Out with the old and in with the new? Corey Lewandowski has been sacked and thrown off the Trump train. Check out why.
“The Donald J. Trump Campaign for President, which has set a historic record in the Republican primary having received almost 14 million votes, has today announced that Corey Lewandowski will no longer be working with the campaign,” the campaign spokeswoman, Hope Hicks, said in a statement. “The campaign is grateful to Corey for his hard work and dedication and we wish him the best in the future.”
With the Republican National Convention looming next month, Mr. Trump is facing the task of broadening his team to include people with previous presidential campaign experience. Mr. Trump also has been turning his attention to fund-raising for the first time, a task that Mr. Lewandowski had assumed oversight of and one that has gone slowly for the campaign. The campaign has aired no ads in the general election and there has been no “super PAC” that received a clear public blessing from Mr. Trump and his top advisers.
The loss of Mr. Lewandowski was intended as part of a larger shift toward the final sprint of the race, according to those briefed on the matter.
Mr. Trump had faced increasing concerns from allies and donors, as well as his children, about the next phase of the campaign. It is a move that could reassure donors and Republicans more broadly that he can adjust toward a November election strategy.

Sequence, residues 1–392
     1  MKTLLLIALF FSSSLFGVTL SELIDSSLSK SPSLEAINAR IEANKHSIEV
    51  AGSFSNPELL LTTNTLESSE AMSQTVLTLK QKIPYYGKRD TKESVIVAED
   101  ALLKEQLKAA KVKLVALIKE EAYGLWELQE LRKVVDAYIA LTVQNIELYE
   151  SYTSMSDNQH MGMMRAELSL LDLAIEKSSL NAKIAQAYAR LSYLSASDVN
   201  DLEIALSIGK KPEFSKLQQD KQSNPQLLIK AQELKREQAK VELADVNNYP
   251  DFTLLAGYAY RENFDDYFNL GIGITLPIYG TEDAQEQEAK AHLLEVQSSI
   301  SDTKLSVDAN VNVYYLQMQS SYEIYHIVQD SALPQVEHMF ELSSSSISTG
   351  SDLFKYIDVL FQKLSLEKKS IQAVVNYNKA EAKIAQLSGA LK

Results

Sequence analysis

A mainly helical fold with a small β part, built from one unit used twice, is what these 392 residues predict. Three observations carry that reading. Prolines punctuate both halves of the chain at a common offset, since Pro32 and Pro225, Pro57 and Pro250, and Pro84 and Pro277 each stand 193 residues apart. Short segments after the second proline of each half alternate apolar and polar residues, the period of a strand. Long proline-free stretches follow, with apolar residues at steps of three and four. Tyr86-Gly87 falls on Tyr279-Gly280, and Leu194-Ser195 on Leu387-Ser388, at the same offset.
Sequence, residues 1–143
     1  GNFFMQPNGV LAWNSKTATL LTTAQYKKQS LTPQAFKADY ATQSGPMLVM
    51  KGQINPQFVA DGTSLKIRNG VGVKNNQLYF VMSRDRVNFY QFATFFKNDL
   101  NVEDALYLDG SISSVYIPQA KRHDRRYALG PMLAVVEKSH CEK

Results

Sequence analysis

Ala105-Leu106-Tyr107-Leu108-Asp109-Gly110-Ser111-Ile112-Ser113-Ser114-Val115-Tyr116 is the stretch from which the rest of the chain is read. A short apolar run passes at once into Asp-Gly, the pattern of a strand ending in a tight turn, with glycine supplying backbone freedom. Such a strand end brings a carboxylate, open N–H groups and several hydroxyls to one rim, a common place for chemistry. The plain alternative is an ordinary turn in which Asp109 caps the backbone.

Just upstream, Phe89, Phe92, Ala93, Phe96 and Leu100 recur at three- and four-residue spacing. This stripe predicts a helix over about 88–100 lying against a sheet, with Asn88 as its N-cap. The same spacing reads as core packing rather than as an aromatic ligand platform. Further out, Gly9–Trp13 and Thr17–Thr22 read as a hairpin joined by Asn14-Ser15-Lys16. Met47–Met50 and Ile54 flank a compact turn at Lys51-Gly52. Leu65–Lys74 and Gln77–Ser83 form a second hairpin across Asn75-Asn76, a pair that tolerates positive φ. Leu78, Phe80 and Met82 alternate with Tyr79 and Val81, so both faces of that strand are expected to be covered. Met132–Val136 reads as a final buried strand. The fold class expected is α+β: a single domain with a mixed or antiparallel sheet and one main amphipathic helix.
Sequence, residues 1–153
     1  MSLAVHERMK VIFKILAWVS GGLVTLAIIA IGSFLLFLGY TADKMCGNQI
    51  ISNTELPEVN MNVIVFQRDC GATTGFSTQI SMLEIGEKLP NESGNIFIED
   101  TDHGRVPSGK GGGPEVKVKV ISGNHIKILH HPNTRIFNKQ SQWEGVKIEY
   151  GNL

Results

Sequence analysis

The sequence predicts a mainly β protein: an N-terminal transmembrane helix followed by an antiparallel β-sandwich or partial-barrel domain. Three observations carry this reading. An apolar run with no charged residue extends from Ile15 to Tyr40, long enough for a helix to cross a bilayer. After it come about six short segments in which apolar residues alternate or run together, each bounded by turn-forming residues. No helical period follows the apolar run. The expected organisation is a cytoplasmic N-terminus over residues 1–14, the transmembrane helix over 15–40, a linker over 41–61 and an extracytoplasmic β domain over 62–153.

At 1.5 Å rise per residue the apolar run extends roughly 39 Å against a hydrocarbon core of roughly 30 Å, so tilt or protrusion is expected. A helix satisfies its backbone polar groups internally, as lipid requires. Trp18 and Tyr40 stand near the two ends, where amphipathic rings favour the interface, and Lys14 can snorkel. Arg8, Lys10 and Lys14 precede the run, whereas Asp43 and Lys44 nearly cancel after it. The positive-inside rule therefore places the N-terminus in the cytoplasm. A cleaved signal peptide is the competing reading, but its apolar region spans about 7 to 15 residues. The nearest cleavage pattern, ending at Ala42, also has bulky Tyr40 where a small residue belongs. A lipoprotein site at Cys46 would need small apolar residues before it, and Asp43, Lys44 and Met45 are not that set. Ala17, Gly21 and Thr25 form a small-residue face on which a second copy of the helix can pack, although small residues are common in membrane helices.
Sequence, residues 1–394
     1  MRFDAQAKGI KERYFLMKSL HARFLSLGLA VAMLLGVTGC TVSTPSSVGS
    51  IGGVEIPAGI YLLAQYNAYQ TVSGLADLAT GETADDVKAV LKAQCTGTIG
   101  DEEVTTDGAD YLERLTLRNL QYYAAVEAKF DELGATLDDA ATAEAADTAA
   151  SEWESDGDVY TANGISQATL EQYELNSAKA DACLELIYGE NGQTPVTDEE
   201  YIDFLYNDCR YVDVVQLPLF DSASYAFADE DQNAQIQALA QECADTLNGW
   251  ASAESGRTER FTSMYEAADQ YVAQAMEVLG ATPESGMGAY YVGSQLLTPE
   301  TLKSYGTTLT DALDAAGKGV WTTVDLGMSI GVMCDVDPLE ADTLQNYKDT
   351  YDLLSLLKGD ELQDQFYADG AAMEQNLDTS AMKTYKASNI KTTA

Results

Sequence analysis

The campaign manager was seen as having a hostile relationship with many members of the national press corps who cover Mr. Trump, and many officials at the Republican National Committee had strained relationships with him.
Mr. Lewandowski was said to have resisted certain moves that would have increased the number of staff members, at times blocking Mr. Manafort from making hires or later undoing them.
But the people briefed on Mr. Lewandowski’s departure said that the circumstances went well beyond any particular episode or any particular relationship. Mr. Lewandowski had a penchant for making headlines about himself that overshadowed his boss, including being charged with misdemeanor battery, a charge later dropped, after he was accused of grabbing a reporter as she approached Mr. Trump with a question in Jupiter, Fla., on March 8, a night when the candidate won three of four Republican state primary votes.